"We have the best maple candy," said Levon Fortin, 21, one of Dan and Karen's four sons, while baking with his mother in The Sugarhouse Kitchen, which is attached to the store. "We have it down to a science."

Around Halloween, Karen and Levon Fortin were prepping a new product for the holidays. Maple candy is usually made with fancy grade syrup, Karen explained, as Levon poured batches of their new creation into holiday-shaped molds.

However, the Fortins discovered that, by using Grade B syrup, there is a more distinctive maple flavor, not the ultra-sweet taste that can make just about any set of teeth dance for what seems like days.

"The response has been good," Karen Fortin said. "We invested in a bit more equipment for this."

Levon Fortin returned home in late 2012, after working and traveling in Pennsylvania and Colorado for a year. He has taken a leadership role on the maple end of Carman Brook. He helped overhaul the Web site, learned to make candy, and found his voice in developing new products.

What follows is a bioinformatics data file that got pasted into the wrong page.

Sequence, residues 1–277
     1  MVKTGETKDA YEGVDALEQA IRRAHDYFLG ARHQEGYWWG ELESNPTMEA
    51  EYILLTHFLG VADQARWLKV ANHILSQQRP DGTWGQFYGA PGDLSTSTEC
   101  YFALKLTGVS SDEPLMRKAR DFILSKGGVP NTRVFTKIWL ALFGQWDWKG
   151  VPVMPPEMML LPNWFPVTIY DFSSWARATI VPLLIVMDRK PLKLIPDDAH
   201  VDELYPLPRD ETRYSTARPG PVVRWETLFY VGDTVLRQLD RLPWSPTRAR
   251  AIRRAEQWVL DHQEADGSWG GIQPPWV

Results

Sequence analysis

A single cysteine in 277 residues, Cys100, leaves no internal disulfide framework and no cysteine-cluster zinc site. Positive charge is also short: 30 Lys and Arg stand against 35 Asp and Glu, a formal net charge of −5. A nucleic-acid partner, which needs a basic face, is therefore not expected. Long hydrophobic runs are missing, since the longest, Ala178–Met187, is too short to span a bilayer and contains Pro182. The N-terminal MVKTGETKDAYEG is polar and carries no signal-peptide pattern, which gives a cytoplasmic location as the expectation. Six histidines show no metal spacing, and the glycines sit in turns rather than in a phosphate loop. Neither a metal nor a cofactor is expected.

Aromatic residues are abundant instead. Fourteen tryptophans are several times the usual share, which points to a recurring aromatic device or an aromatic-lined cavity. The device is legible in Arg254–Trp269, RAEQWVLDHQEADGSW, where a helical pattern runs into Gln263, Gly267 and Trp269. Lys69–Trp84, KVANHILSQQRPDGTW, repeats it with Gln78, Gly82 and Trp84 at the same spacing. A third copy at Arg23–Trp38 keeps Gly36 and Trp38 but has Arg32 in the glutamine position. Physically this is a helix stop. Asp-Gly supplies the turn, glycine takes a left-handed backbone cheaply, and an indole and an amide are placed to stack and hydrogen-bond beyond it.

"We've made him hit the ground running," Karen Fortin said of Levon. "He brings new energy to the business."

Levon and his brother, Jon, 20, are the only sons still on the farm. Jameson Fortin, 28, is a recently married pipefitter. Nathaniel Fortin, 23, is a U.S. Army helicopter pilot.

Jon Fortin and part-time employees milk 85 of the 180 head at Carman Brook Farm. The Fortins ship more than 2 million pounds of milk a year to the St. Albans Cooperative Creamery, about 12 miles south.

Carman Brook Farm has another unique component: a set of caves that Dan Fortin estimates were formed about 13,000 years ago, when glaciers melted in the region, and Lake Champlain was much higher and larger than today. The caves are open to the public.